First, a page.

The wildcat was widespread until 1850 in the eastern half of Austria. Data and reference samples testify to autochthonous populations and their gradual extinction in the second half of the 19th century. In Lower Austria, in the second half of the 19th century there were still scattered wildcat populations on the edges of the Vienna Woods and the connected mountain areas of Gutenstein and Türnitz, and in the southern part of the Weinviertel Klippen Zone of Waschberg and Bisamberg up to the forests of Ernstbrunn. After the last captures in 1902 in Strasshof near the Northern Railway, in the winters of 1902/03 at Bisamberg and in 1909/10 by Niederkreuzstetten as well as in 1912 in Wassertal south of Lilienfeld, no further appearances could be confirmed.
After World War II
Until after World War II, there were still occurrences in Carinthia and South Tyrol that were linked to the population in Slovenia. Many sporadic observations have been made in the Wald and Mühlviertel since the 70s, eg Dieter Manhart's sighting in 2003. However, these were classified as loners. A few of them presumably involved migrations of animals that had been reintroduced into the forests of Bavaria or Bohemia.
The last unequivocal evidence of wildcats points to their endangerment. On the 21st of September 1996, a male wildcat was shot near Grafenstein in Carinthia at the edge of a corn field. On the 22nd of January 2006, near Feistritz an der Gail (also in Carinthia), a two- to three-year-old wildcat was run over by a car. This male wildcat was associated with the Italian population. In the late autumn of 2008, a hunter confused a wildcat in Styria with a domestic cat. The cat was a fatality of this mistake.
Situation in Europe
In Europe, according to the IUCN categories for Red Lists (2001), the wildcat is not considered as endangered. However, the hybridisation with the domestic cat is seen as a significant factor for the decline of the populations. Some countries have very big populations which are even growing in size, while in other countries the wildcat is seriously threatened or extinct, or has dwindling populations. Looking at Austria's neighboring countries, the situation in Germany, for instance, shows a comparatively positive picture. The population is estimated at between 1.700 and 5.000 animals. While individual populations are growing, other groups are increasingly endangered by high traffic densities and landscape fragmentation. The main areas of circulation lie in south-western and central Germany and are largely separated from one another. There are also relatively stable wildcat populations in Italy, Slovenia, Hungary and Slovakia. However, there are no wildcats in the neighboring country of the Czech Republic, where the species is also considered extinct. Attempted releases into the wild in Bohemia have remained unsuccessful. In Switzerland, the wildcat is confined to the Jura mountains, where lures were also recently installed in order to improve knowledge of the propagation of wildcats.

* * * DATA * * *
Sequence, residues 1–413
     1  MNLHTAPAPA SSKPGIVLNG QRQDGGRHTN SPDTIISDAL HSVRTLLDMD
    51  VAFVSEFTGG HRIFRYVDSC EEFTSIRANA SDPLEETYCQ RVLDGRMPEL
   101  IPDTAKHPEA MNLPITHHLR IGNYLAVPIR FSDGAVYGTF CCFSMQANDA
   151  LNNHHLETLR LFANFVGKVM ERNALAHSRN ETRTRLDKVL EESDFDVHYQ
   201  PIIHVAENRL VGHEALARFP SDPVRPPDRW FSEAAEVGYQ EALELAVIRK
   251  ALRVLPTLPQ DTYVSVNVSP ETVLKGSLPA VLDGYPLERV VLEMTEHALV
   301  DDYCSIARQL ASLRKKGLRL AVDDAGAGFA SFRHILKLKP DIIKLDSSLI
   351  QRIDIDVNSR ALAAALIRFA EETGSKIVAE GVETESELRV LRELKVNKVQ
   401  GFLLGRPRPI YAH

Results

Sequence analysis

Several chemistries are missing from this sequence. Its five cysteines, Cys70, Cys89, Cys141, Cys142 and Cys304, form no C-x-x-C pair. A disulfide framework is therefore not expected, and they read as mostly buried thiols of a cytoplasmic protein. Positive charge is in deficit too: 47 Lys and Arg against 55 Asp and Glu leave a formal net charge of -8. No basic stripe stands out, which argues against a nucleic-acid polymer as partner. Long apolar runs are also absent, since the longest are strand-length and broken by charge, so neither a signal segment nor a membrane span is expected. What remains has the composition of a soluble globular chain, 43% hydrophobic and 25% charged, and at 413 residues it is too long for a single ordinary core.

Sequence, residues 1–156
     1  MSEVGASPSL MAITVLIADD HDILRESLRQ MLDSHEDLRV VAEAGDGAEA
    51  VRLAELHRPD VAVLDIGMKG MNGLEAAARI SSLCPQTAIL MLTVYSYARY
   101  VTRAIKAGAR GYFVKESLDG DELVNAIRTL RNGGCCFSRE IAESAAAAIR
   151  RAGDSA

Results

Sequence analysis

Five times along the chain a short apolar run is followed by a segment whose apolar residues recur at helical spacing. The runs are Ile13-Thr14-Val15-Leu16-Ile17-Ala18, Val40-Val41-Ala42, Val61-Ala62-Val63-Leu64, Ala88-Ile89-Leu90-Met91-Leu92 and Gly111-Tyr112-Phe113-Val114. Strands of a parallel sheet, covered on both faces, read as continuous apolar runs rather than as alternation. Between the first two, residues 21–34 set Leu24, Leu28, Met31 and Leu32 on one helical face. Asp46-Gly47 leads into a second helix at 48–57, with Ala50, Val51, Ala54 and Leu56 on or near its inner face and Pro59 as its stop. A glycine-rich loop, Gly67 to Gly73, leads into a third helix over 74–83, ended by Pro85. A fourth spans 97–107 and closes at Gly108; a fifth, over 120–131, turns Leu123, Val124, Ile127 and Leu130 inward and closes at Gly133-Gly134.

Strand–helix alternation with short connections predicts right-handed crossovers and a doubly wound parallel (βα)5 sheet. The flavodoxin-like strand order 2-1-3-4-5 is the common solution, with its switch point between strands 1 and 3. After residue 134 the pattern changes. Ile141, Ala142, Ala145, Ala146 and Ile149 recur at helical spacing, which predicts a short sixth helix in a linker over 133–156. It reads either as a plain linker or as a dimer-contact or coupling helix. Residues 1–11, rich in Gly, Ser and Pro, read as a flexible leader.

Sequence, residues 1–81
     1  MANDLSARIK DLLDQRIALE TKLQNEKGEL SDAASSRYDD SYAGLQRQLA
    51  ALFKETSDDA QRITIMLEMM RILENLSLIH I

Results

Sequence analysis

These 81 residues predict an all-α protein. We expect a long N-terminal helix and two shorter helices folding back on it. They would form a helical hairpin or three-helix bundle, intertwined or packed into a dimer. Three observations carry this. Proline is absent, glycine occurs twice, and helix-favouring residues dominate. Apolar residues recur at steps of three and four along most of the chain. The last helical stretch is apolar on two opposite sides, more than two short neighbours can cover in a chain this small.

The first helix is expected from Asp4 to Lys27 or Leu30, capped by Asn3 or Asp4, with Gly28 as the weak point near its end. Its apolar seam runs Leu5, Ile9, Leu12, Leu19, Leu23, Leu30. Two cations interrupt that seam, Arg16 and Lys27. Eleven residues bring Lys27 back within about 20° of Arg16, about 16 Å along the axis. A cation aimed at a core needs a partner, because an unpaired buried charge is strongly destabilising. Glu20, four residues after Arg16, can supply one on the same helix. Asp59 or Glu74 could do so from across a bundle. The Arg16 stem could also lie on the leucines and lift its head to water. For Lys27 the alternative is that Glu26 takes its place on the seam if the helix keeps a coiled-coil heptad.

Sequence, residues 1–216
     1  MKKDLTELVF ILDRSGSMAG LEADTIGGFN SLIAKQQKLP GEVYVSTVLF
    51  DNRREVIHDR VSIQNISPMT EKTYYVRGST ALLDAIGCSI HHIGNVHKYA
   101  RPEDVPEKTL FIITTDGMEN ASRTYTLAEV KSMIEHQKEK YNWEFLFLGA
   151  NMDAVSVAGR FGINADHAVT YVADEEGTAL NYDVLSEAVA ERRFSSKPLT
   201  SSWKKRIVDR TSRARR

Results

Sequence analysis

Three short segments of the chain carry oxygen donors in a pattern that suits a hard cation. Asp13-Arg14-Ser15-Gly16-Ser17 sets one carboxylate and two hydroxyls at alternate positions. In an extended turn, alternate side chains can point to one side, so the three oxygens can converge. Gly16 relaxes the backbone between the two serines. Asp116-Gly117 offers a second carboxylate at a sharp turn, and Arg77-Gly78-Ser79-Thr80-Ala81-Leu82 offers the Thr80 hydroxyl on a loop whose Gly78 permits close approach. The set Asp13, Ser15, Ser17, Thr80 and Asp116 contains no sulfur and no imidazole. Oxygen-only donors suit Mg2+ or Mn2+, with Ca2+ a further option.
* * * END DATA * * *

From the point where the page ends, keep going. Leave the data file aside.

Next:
Evaluation of the status of the wildcat
The book on mammals by Friederike Spitzenberger offers a good overview of the situation of the wildcat. Summing up, Kurt Bauer evaluates the status of the wildcat as follows: "In Austria nowadays, the wildcat counts as a rare guest which, since its reappearance after the extinction of the last autochthonous marginal populations (1997), is caught or observed about five times every ten years. As a comparison […] shows, the appearances in the last decades happen largely in landscapes in which the species had survived the longest - the Basin of Klagenfurt and the edge of the bay of Graz, the thermal line, copses and rocky landscapes in the Weinviertel and on the border of the Waldviertel granite plateau and the foothills of the Böhmenwald and Sauwald.”
From the contribution to the Red List
Friederike Spitzenberger reaches the same conclusion in her contribution to the Red List of endangered species in Austria: "Status of the wildcat, Felis silvestris: Regionally extinct. Species no longer extant in Austria. The population has been verifiably eradicated or has died out (i.e. there are good reasons to believe that their populations are extinct). After the 1950s, as the autochthonous breeding stock died out in Austria, there have only been sporadic and localized reports that probably refer to migrated animals from neighboring populations. There is currently no sign of a resident reproducing population in Austria. As in the case of the lynx, there is a lack of biological investigations into the wildcat in Austria. It would be highly desirable to introduce a wildlife conservation program based on the results of such biological examinations in some of Austria's neighboring countries, in view of the sound level of knowledge and satisfying conservation status there.” BAUER, K. (2001): Wildcat Felis silvestris SCHREBER, 1775. - In: Spitrenberger F. (ed.) (2001): Mammal fauna in Austria. - Grüne Reihe of the BMLFUW, 13: 665 - 671, Vienna.
Returning on silent paws
However, reports of wildcat sightings have also been increasing in number over the last few years. The accumulation of individual evidence south of the Danube and the current evidence in the National Park Thayatal reinforce the hope for a comeback of wildcats in Austria.